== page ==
A normal work year for teachers used to be 190 days; currently, city schools teachers are being paid for 180 days.
“What we’re looking at here is stepping that up to 186 (work days),” explained City Schools Finance Director Don Hood.
Calhoun City School officials presented a tentative budget to the city council during the council work session Monday; the plan included a budget scenario for 186 teacher workdays with a comparison to a 190-day schedule – a “normal schedule” for years past, explained Hood.
Estimated total expenditures for the 186-day schedule came to $23,853,005; estimated total revenues were $22,574,969. For a “normal,” 190-day schedule, estimated expenditures would be $24,293,005; estimated revenues came to $22,574,969.
At this point, there is a $1,278,036 deficit in the 186-day scenario between revenues and expenditures. The plan is to fill the funding hole with federal jobs funds received in 2011 and money from general fund reserves, Hood said.
He emphasized that a final number of teacher workdays has not been determined, and these numbers are subject to change before the board sets its 2011-2012 fiscal year budget later this year.
“We’re pretty much trying to hold things steady,” he said, in terms of finalizing finances for the upcoming fiscal year.
The projected increase in general fund spending for 2011-2012 (up from $22.2 million in 2010-2011) is due to an increase in salaries in benefits. The system will add four teaching positions due to student body growth, Hood explained.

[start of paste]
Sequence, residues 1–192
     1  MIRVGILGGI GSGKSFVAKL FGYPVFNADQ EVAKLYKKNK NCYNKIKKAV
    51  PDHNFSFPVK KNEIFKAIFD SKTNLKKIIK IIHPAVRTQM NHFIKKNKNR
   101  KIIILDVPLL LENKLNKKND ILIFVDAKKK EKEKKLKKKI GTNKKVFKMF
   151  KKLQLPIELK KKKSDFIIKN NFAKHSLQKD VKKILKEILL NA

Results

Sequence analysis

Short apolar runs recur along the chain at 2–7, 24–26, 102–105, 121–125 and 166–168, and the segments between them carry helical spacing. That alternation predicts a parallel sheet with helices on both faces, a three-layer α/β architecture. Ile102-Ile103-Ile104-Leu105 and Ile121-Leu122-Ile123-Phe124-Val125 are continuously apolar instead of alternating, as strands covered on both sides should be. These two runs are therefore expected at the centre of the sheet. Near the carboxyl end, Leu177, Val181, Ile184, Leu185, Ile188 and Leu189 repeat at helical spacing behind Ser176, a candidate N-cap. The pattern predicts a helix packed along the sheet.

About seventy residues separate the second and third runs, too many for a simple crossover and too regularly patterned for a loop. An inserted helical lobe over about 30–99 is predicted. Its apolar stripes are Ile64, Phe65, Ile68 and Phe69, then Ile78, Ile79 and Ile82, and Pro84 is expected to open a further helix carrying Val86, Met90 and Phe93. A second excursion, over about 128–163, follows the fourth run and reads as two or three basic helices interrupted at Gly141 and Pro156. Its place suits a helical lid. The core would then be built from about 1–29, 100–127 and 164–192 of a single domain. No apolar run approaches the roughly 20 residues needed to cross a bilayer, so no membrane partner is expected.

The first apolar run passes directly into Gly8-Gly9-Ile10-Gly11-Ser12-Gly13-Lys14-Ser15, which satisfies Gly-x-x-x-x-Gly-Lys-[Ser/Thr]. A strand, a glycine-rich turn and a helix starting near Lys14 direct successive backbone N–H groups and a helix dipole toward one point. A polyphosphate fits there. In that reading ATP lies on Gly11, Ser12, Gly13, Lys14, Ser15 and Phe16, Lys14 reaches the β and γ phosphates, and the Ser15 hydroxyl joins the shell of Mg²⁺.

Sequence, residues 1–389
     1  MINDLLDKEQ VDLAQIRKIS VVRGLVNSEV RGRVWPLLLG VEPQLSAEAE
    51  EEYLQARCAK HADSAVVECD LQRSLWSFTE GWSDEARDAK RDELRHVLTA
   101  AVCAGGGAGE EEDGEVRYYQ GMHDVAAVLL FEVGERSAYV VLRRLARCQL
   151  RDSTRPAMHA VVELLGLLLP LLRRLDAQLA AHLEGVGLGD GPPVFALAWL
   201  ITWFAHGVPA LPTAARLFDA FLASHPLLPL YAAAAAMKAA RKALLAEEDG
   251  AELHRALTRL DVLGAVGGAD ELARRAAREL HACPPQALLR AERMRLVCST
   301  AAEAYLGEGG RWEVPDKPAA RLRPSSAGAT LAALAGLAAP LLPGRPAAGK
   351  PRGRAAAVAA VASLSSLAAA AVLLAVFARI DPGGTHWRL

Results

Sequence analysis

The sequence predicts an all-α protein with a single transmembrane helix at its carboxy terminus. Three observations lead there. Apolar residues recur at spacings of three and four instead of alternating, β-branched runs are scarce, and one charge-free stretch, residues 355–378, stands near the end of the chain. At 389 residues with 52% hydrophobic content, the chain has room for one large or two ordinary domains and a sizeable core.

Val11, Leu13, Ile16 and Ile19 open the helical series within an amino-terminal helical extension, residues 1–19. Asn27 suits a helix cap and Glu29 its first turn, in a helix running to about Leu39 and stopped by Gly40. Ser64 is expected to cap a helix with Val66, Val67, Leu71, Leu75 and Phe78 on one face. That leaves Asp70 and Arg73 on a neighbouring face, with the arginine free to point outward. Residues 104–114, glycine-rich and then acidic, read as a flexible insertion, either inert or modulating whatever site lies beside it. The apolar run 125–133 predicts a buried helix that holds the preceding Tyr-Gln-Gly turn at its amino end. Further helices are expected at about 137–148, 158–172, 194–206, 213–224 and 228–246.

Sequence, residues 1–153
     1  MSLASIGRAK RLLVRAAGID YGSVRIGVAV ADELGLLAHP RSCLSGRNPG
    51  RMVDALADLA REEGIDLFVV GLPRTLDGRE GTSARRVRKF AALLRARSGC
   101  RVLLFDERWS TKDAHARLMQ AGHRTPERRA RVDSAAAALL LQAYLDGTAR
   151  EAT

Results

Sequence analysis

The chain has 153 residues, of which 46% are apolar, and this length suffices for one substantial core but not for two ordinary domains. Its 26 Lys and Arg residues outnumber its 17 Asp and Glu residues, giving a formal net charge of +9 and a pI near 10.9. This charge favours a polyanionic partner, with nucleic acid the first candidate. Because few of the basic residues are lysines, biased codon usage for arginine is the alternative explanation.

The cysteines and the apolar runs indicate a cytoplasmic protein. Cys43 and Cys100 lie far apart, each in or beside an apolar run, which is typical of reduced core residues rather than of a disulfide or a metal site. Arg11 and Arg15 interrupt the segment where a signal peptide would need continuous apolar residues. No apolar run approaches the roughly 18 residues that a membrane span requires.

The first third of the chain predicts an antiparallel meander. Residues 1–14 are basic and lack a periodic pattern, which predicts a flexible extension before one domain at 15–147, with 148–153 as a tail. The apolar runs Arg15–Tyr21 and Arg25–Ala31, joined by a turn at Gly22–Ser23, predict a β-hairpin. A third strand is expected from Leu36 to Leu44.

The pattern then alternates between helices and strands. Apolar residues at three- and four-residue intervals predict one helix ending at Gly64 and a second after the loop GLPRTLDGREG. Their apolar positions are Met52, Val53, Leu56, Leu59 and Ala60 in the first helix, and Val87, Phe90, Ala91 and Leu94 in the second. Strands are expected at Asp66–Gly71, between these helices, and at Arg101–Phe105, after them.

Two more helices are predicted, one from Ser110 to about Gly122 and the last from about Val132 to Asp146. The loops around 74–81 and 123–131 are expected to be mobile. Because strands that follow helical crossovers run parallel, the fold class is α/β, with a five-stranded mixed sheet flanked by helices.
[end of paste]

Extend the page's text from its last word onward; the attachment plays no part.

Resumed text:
According to the 186-day scenario:
The largest portion of expenditures again go to employee salaries and benefits, making up a combined total of 81.59 percent of the budget at $14,561,964 and $4,900,596, respectively.
The major portion of revenues - 81.83 percent - comes from the state; the other most significant source is local school taxes at 43.72 percent.
Hood said he is unsure whether city residents will see a change in their property taxes in relation to the school budget.
“We have a preliminary tax digest, but we won’t really, I think, know (whether there will be a tax increase) until we get the final tax digest,” he explained. “My goal would be not to do that.”
City schools will also feel the loss of some federal funding.
Estimated local tax collections for the city school system for 2011-2012 come to $9,878,433, down from $9,900,000 in 2010-2011, according to the school system’s five-year tax levy history.
American Reinvestment and Recovery Act (ARRA) funds are not included in the 2012 budget; they will run out June 30 of this year, Hood said. The city school’s portion in for the current and last school year came to about $1.8 million. The city is also losing about $1.2 million in federal ARRA grants on June 30.